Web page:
However, the examination and emerging reports of obsessive-compulsive symptoms (OCS) in patients with schizophrenia may present as a difficult task for practicing clinicians, and the diagnosis of a comorbid obsessive-compulsive disorder (OCD) or OCS is often missed in this population. The current epidemiological evidence suggests a significantly greater prevalence rate of OCS in patients with schizophrenia, ranging from 10% to 50%, and OCD in the schizophrenia population, ranging from 7.8% to 26%.4 The treatment approach in schizophrenia with comorbid OCS varies based on the pathogeneses of OCS. Understanding the nature of multifaceted bio-psychosocial pathogeneses of the obsessive compulsive OCS symptoms and its interface with psychotic symptoms is essential in management and will facilitate optimal clinical outcomes.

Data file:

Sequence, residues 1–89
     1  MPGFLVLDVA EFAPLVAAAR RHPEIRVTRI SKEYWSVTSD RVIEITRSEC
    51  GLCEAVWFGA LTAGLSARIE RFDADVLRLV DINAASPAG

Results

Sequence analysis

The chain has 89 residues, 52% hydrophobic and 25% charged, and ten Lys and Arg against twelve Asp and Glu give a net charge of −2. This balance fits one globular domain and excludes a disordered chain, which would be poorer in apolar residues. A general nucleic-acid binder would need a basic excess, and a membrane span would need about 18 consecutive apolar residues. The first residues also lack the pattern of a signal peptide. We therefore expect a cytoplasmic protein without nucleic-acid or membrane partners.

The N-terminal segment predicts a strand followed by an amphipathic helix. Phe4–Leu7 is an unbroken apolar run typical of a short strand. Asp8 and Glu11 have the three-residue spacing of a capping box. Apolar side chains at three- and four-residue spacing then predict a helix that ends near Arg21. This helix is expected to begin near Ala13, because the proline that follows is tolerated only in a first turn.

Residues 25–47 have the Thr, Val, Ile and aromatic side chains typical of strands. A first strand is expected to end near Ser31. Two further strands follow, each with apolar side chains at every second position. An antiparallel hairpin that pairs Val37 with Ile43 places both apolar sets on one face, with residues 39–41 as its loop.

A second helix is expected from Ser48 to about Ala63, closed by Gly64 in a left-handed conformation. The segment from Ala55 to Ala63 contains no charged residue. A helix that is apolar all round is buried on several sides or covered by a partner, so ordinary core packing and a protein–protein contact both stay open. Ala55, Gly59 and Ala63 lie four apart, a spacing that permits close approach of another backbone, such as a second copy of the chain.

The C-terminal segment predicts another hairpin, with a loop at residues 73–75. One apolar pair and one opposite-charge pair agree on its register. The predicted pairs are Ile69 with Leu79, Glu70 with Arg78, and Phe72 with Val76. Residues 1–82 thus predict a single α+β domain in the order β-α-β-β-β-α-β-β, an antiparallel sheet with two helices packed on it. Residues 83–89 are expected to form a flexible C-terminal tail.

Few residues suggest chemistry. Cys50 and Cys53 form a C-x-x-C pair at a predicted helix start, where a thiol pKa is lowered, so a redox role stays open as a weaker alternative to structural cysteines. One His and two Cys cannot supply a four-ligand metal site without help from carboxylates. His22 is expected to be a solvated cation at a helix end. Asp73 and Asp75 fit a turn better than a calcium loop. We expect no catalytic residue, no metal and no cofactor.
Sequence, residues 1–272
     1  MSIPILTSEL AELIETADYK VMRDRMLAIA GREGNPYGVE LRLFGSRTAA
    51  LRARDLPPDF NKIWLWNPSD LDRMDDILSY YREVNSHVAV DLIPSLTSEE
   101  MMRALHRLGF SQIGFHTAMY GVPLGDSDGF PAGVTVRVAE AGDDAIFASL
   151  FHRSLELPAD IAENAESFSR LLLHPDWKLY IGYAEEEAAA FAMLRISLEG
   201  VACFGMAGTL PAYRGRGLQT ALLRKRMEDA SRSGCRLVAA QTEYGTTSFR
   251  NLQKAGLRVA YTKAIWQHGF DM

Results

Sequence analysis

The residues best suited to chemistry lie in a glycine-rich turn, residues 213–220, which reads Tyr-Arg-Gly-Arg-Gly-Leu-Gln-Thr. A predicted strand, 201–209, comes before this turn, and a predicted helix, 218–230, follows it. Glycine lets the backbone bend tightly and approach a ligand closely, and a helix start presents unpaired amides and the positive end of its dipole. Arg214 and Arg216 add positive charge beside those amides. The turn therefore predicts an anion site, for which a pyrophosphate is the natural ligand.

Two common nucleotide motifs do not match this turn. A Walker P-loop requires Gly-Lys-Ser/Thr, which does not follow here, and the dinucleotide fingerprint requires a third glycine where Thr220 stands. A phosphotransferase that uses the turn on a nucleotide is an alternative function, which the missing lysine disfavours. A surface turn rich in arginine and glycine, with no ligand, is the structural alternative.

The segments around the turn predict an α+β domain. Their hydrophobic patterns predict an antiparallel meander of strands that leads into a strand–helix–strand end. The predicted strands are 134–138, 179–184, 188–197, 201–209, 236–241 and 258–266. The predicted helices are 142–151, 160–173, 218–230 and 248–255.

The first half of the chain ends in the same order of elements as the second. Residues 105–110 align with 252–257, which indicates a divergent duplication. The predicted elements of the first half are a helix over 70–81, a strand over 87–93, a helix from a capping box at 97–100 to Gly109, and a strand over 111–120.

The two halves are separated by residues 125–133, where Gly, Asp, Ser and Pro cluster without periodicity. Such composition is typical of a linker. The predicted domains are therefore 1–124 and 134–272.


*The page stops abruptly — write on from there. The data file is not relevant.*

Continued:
Subtyping Strategy and Understanding the Spectrum

Initially examined as subgroups, the coexistence of OCD, OCS, and schizophrenia has transformed into a spectrum of disorders.5–8 The proposed spectrum includes typical OCD, OCD with poor insight, OCD with schizotypal personality disorder, schizophrenia with transient OCS, schizophrenia with OCD, and schizophrenia. This addition of schizo-obsessive disorder provides diagnostic options for patients with OCS/OCD who also meet criterion A for schizophrenia.9